Jahn Atelier Timothy Jahn


Timothy Jahn
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Timothy Jahn Great Expectations


Composition is the arrangement of elements within a work of art. It is the cornerstone of the greatest images we enjoy. There are many different theories as to what makes a good composition.  In this article, I am going to share with you some concepts and strategies that you can use to begin your lifelong study of great compositions. 

Before gathering your reference for a picture to make a successful composition there are several things to consider. 


The concept of your picture is paramount. What is the story you are telling? The objects, setting, lighting, and all other supporting information should enhance the concept. Each element will deserve its own study time to gain mastery, but the better you understand the underlying concept the easier the other choices you need to make will be. If you know what you want to express the other components are built on technical concepts. 


The concept of genres in art is historically connected to specific ways of organizing and classifying art. The genres could be but are not limited to:






William-Adolphe Bouguereau


Sci-Fi Fantasy  

If you understand what is traditionally considered, correct in your genre you can bend the rules and begin to develop unique compositions. To gain a deeper understanding of your preferred genre you can attempt some compositional breakdowns studies. 

If you understand what is traditionally considered, correct in your genre you can bend the rules and begin to develop unique compositions. To gain a deeper understanding of your preferred genre you can attempt some compositional breakdowns studies. 


Themes in the art are often messages about life, society, or human nature, and are usually implied rather than explicitly stated. Thematic content is not required in visual work. But your outlook on life will tend to come through your work subconsciously as well as the larger zeitgeist of your era. 


The Arrangement or distribution of space and objects within the picture frame will help you create a successful image. By learning how to control the following items your compositions will have a greater impact.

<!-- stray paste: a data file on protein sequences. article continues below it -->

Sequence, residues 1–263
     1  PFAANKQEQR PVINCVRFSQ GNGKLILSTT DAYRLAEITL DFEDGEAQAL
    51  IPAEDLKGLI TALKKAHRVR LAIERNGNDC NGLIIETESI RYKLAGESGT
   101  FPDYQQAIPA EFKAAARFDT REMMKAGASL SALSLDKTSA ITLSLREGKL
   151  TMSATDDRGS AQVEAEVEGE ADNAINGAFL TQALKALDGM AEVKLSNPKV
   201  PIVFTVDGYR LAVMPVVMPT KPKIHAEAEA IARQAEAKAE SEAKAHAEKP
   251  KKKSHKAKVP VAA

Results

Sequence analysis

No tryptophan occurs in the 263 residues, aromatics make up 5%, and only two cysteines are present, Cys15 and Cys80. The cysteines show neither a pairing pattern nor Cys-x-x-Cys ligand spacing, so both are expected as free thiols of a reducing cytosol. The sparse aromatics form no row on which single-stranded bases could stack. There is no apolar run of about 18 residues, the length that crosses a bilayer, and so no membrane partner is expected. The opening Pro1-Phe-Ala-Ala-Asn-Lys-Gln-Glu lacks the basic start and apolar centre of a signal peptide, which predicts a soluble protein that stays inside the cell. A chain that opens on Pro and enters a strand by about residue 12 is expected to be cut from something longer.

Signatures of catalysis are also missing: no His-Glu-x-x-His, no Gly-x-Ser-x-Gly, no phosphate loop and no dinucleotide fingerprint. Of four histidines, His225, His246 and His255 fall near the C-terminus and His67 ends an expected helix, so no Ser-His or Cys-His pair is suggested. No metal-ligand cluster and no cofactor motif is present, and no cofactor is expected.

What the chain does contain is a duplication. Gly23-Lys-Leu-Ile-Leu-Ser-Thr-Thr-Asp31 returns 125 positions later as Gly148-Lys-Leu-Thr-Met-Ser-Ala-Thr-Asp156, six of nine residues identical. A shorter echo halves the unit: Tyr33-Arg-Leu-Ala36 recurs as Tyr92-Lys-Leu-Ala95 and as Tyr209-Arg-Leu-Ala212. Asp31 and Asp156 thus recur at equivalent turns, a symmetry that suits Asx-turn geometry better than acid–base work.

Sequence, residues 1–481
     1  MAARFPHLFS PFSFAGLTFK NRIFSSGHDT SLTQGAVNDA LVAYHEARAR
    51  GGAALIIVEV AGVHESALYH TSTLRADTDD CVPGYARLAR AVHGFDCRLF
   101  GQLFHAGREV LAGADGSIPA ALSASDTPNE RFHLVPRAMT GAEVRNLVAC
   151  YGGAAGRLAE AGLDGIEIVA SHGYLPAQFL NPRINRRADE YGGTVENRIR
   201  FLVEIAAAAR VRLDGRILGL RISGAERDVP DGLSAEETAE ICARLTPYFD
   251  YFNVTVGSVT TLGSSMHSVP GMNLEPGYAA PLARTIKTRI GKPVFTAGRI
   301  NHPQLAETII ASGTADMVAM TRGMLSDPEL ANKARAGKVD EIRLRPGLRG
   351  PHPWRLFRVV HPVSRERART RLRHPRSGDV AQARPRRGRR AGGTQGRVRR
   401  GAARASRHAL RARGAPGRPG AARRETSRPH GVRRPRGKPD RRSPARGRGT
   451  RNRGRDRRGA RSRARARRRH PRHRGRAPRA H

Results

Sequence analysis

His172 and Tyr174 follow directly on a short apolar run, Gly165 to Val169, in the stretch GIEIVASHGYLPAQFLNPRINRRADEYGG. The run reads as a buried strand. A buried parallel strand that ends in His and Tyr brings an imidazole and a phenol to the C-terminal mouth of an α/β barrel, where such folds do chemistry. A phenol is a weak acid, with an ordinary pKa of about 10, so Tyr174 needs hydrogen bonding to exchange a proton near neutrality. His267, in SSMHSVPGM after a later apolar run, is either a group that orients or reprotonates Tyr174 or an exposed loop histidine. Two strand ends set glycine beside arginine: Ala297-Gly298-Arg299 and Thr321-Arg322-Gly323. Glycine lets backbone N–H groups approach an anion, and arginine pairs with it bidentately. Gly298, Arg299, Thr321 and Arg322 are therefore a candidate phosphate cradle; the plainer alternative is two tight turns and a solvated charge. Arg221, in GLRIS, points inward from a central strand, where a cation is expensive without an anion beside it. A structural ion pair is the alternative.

1. Focal Point 

  2. Lighting 

  3. Mood

  4. And the general design principles  

Some artists use the rule of thirds as a starting point for their compositions. Divide your picture frame into thirds both vertically and horizontally. You can use one of the intersections as a general area to place a primary focal point. 

Focal Point

Focal points refer to the areas of the artwork that demand the viewer’s attention. As an artist, you have the opportunity to control where the viewers look. Detail, edges, placement, lighting, contrast, and color can help support the focal point. 

You can have more than one focal point. You can consider the primary focal point your start and ancillary focal points the supporting cast. 

We can see with the below composition that the poses of the primary figure help gain attention to her. The lady peering over the wall at an unseen person or object allows the viewer’s imagination to finish this image. Her compatriot is looking up at her helping to direct the viewer’s eye to the important action. 

This symmetrical composition is using an inverted “T” with a slight variation in the interaction of the vertical and horizontal angles. With the thrust of the composition leading to this interaction, Euan Uglow uses detail and brighter colors to enhance the head of the duck as the clear focal point. 


Without light, there is nothing to see in your images. The way you light your pictures is so important. It tends to really add to the style and look of the artist’s work. Before gathering references determine the light direction. Think through what you want your image to feel like and allow that to be the basis for your choices. With just a little research you will find tremendous tutorials on lighting from many top photographers. While painting and photography are separate disciplines painters can learn a tremendous amount from photographers on how light operates in a still image.  


Different types of lighting 

Side or Low Lighting 

Back Lighting 

Top Lighting 

Front Lighting 

Diffused or Over Cast 

Values as arrangement